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In re Estate of Whitley

Court of Appeals of Mississippi

November 26, 2013

In the Matter of the ESTATE OF Joseph Lucius WHITLEY, Deceased:
v.
Rebecca Lynn Love, Executor of the Estate of Victoria S. Whitley, Deceased, Appellee. Elizabeth Marie Whitley, Administrator, Appellant

Page 261

Davey L. Tucker, attorney for appellant.

Paul E. Rogers, Jackson, attorney for appellee.

Before IRVING, P.J., ISHEE and FAIR, JJ.

ISHEE, J.

¶ 1. In 2008, Joseph Lucius Whitley passed away. His wife of sixteen months, Victoria S. Whitley, passed away approximately one month later. Prior to her passing, she paid for Joseph's funeral expenses. She also began administration of his estate. After Victoria's passing, Joseph's daughter, Elizabeth Marie Whitley, became administrator of Joseph's estate. Rebecca Love became executor of Victoria's estate. Rebecca soon filed a claim against Joseph's estate for reimbursement of Joseph's funeral expenses. Elizabeth opposed the claim, asserting that the claim had been untimely filed outside the ninety-day window for creditors to file claims against the estate. The chancery court granted Rebecca's claim in part and denied the claim in part. The reimbursement of funeral expenses was granted, but the amount claimed by Rebecca was contradicted by the evidence. Accordingly, the chancellor reduced the amount of funeral expenses owed to Rebecca, but ordered that Joseph's estate reimburse Victoria's estate for the funeral expenses owed. Elizabeth now appeals, claiming the chancery court erred in granting Victoria's estate

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any reimbursement for funeral expenses. Finding no error, we affirm.

STATEMENT OF FACTS

¶ 2. Joseph and Victoria were married for approximately sixteen months prior to Joseph's passing. After his passing, Victoria made funeral arrangements and paid for Joseph's funeral. She passed away a month after Joseph died.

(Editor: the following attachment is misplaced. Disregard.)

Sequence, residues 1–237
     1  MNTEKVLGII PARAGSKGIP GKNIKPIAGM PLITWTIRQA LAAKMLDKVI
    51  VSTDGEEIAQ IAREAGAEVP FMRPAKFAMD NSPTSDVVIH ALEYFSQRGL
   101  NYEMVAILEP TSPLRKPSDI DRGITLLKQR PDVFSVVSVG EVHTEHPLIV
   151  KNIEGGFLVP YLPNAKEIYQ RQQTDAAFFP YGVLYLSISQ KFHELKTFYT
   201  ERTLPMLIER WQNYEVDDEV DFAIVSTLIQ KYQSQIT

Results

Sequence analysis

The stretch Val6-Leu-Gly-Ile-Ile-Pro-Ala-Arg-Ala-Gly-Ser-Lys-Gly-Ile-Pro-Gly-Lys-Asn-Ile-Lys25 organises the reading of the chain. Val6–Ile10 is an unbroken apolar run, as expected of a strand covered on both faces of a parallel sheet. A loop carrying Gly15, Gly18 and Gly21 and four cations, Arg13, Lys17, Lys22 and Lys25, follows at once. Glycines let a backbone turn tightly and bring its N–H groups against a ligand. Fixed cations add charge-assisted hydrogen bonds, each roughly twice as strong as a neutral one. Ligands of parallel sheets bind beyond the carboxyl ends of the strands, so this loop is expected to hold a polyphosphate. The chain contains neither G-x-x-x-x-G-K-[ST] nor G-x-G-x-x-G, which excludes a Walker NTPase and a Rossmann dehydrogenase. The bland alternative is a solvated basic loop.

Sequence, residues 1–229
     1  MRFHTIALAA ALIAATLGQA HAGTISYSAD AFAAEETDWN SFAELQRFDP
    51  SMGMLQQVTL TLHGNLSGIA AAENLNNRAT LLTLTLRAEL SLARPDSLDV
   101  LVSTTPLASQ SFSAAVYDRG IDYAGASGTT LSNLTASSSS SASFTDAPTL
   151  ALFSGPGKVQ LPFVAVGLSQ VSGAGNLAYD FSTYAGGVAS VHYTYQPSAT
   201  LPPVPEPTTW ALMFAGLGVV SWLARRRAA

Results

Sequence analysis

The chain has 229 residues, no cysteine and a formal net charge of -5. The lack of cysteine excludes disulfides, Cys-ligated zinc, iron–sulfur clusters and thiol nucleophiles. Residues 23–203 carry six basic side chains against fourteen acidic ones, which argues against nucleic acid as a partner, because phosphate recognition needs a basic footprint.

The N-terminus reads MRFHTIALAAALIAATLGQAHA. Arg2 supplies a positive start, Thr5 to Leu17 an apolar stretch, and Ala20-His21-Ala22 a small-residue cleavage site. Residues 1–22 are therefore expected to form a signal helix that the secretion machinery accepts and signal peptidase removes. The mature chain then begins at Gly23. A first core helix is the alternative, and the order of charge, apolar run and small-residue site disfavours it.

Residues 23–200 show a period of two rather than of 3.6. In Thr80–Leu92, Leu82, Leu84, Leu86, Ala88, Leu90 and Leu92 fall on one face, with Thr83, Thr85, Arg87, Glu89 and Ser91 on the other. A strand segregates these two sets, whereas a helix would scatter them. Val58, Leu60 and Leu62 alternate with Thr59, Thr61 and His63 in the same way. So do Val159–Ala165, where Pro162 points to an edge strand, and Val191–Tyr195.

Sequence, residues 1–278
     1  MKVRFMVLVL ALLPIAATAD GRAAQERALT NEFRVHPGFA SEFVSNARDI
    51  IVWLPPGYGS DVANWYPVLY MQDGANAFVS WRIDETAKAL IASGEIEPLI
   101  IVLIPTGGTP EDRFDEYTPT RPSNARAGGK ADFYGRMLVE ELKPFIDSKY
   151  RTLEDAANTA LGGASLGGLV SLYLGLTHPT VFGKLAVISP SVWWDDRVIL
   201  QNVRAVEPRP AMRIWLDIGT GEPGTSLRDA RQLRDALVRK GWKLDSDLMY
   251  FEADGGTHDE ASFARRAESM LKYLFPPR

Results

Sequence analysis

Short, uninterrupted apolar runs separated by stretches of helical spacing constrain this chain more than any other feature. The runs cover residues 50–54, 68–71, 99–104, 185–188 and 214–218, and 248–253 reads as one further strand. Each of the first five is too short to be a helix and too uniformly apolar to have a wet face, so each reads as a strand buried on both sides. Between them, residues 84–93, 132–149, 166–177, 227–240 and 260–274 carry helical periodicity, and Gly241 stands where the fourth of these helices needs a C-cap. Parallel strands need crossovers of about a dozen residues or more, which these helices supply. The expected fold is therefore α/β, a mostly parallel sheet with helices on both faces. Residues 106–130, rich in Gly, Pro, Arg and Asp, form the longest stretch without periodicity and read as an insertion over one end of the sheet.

¶ 3. Rebecca, as executrix of Victoria's estate, filed a claim against Joseph's estate for reimbursement of Joseph's funeral expenses. Elizabeth, as administratrix of Joseph's estate, opposed the claim, asserting that it was untimely. Elizabeth's assertion was based on the ninety-day time limit for creditors to file claims against Joseph's estate, which had already expired when Rebecca filed the claim.

¶ 4. The Hinds County Chancery Court heard the case, and determined that funeral expenses did not fall within the purview of the ninety-day time limit for creditors because such expenses are deemed to be related to the administration of the estate. Aggrieved, Elizabeth appeals the chancery court's determination. She claims the chancery court erred in granting Victoria's estate reimbursement for Joseph's funeral expenses because the ninety-day time limit had expired and because Victoria and Rebecca acted as officious volunteers and meddlers in the administration of Joseph's estate. She further challenges the reimbursement of funeral expenses based on a prenuptial agreement executed by Joseph and Victoria.

DISCUSSION

¶ 5. We are limited in our review of a chancellor's judgment. Howard v. Gunnell, 63 So.3d 589, 597 (¶ 16) (Miss.Ct.App.2011). " We acknowledge that this Court will not disturb a decision of a chancellor absent a finding that he or she is manifestly wrong, clearly erroneous, or the chancellor applied an erroneous legal standard." Id. (citation and quotation omitted). Nonetheless, we review questions of law de novo. Rousseau v. Rousseau, 910 So.2d 1214, 1217 (¶ 8) (Miss.Ct.App.2005).

¶ 6. However, it is well settled that an issue not raised and litigated at the trial-court level may not be argued on appeal. Estate of Gibson ex. rel. Gibson v. Magnolia Healthcare, Inc., 91 So.3d 616, 632 (¶ 47) (Miss.2012); Winfield v. Brandon HMA, Inc., 100 So.3d 974, 981 (¶ 24) (Miss.Ct.App.2012). All issues presented to an appellate court must be fully supported by ...


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